Artificial Intelligence in Medical Decision-Making
Can one use artificial intelligence for ethical decision-making in the clinic? In this project, our team of software engineers, a physician, and an ethicist developed the world’s first algorithm that can solve a wide range of ethical dilemmas occurring in medicine.
Are brain-dead bodies really dead? In this project, I investigated this question, drawing on evidence from anencephaly, high cervical spine transection, locked-in syndrome, bilateral vagotomy, and panhypopituitarism.
Can people survive in irreversible coma? Linking the debate about personal identity to medical case studies, I attempt to interpret real-life configurations of brain damage through the lens of philosophical concepts.
How to allocate scarce medical resources fairly in a pandemic? COVID-19 triage has been portrayed as a value conflict solely between utilitarian and egalitarian elements. Comparing prioritisation guidelines from different countries, I show that in fact all four classic theories of distributive justice are at work: utilitarianism, egalitarianism, libertarianism, and communitarianism.
In the beginning of the COVID-19 pandemic, our university hospital prepared for the possible need to triage patients by conducting a simulation of the (re-)allocation of medical resources. The prospective single-center cohort study involved both a quantitative analysis of ICU patients and a qualitative content analysis of two focus groups with intensivists.
How to translate abstract theories of distributive justice into concrete material and procedural criteria for rationing intensive-care resources? We reconstruct the development and implementation of a rationing protocol at our university hospital.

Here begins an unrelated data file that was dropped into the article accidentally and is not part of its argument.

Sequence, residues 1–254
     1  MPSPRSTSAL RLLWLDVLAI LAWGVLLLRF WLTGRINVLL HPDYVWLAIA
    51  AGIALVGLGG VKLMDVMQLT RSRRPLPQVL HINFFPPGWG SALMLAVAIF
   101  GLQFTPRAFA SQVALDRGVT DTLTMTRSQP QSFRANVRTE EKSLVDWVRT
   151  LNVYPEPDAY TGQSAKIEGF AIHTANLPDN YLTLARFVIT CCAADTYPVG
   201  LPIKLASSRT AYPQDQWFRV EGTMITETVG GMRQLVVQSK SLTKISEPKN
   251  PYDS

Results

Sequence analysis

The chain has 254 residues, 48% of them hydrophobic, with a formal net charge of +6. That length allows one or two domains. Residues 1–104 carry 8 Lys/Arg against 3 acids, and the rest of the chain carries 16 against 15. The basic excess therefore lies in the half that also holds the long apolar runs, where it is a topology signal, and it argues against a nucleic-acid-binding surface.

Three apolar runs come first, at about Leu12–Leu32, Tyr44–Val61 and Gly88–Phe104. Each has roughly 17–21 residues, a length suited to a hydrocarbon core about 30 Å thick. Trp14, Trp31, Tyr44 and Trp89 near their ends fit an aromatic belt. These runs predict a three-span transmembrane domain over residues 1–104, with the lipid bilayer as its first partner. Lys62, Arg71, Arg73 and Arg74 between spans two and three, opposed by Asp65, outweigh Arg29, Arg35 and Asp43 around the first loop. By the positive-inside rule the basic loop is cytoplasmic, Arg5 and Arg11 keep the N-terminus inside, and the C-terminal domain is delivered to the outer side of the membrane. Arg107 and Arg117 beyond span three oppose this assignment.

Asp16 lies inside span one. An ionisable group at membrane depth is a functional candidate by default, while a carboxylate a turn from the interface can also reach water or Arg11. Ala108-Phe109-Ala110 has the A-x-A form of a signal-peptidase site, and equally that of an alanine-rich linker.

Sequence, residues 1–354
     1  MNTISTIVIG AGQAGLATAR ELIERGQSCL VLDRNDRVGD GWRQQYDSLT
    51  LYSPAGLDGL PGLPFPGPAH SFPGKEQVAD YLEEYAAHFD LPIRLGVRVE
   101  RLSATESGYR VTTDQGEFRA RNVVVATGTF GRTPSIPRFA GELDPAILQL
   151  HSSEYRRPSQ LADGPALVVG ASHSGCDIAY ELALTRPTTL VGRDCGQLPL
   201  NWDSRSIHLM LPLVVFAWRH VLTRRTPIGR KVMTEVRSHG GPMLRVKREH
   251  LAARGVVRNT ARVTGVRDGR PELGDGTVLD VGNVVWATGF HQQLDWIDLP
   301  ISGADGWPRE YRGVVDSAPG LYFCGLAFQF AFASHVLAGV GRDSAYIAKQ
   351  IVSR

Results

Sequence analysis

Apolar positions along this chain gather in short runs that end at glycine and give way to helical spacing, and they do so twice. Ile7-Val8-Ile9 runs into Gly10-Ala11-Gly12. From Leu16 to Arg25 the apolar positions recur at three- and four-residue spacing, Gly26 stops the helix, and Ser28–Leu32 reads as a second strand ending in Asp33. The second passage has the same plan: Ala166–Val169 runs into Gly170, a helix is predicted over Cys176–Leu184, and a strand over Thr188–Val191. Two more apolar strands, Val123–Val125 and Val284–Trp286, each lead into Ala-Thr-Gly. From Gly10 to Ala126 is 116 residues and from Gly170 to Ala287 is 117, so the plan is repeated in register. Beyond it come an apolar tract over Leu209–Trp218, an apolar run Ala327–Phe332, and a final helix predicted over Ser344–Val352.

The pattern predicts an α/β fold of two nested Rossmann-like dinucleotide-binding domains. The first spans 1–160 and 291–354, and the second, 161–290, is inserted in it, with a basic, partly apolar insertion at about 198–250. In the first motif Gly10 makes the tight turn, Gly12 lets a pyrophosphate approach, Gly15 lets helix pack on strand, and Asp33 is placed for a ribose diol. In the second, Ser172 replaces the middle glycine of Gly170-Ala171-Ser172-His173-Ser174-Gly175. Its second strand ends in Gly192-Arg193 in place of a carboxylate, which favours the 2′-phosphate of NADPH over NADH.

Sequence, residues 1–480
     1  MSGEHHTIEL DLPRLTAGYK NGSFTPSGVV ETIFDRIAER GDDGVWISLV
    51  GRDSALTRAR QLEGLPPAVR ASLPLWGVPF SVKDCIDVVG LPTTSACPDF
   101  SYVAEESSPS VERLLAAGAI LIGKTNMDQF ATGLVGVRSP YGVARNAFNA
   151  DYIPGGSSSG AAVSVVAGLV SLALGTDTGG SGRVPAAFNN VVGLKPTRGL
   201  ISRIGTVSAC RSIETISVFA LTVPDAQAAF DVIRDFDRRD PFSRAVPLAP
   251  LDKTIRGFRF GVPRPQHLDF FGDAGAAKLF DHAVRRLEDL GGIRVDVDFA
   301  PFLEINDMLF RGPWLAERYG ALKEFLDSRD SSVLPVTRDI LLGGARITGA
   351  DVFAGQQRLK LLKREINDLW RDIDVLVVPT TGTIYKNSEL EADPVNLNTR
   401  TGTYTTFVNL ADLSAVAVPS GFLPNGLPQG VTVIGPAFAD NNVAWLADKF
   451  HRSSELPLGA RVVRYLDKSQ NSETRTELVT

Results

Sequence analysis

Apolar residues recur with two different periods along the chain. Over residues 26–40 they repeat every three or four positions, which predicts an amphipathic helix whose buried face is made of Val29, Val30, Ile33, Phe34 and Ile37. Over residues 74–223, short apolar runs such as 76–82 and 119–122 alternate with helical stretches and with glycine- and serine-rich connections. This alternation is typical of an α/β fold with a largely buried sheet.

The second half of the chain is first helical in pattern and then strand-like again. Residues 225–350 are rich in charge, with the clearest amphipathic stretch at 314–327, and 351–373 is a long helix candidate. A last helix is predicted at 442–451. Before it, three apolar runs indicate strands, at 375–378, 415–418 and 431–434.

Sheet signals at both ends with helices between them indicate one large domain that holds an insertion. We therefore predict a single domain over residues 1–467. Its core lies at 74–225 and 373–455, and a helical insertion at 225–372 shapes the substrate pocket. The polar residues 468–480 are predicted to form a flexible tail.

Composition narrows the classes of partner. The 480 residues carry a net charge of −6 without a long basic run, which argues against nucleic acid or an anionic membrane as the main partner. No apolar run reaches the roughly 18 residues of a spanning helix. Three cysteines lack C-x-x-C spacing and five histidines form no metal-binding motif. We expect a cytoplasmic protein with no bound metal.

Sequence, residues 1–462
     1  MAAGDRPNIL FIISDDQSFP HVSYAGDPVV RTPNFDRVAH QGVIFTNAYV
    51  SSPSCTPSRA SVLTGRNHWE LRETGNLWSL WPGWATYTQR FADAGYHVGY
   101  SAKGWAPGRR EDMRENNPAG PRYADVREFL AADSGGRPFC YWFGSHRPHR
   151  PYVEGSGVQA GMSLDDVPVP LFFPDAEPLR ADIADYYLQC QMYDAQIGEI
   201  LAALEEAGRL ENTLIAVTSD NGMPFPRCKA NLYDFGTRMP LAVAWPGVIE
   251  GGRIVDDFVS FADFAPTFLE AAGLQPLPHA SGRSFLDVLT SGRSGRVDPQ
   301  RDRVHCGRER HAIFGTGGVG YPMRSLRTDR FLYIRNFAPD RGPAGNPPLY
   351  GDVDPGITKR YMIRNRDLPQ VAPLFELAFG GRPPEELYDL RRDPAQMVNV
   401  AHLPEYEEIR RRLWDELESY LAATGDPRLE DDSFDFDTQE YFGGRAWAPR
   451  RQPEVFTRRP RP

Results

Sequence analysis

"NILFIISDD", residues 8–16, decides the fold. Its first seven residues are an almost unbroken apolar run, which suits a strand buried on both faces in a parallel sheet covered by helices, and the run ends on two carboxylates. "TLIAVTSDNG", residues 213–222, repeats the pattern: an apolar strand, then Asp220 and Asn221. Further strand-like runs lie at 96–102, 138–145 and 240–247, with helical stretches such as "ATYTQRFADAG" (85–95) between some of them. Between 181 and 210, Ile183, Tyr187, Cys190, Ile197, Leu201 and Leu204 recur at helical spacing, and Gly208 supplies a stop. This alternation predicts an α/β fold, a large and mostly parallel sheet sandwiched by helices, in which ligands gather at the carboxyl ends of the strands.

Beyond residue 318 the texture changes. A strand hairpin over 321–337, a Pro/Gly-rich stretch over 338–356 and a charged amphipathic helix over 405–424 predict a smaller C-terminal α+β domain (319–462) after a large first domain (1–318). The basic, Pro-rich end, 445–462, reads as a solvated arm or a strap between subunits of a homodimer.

Thought experiments are mental test scenarios that purport to deliver scientifically acceptable results in the absence of actual physical execution. But can they solve problems of personal identity? I investigate the methodological strengths and weaknesses of this method.
Based on Derek Parfit’s distinction between identity and what matters, I suggest a novel solution to Lucretius’ famous Symmetry Argument against fearing death. When the distinction is applied not diachronically (as Parfit uses it) but across possible worlds, the alleged symmetry can be broken.
Lockean views of personal identity maintain that we persist diachronically by virtue of being psychologically continuous with our former selves. Drawing on certain characteristics of the brain – specifically the role of the Ascending Reticular Activating System (ARAS) – I show why this variant of psychological accounts is incompatible with human neurophysiology.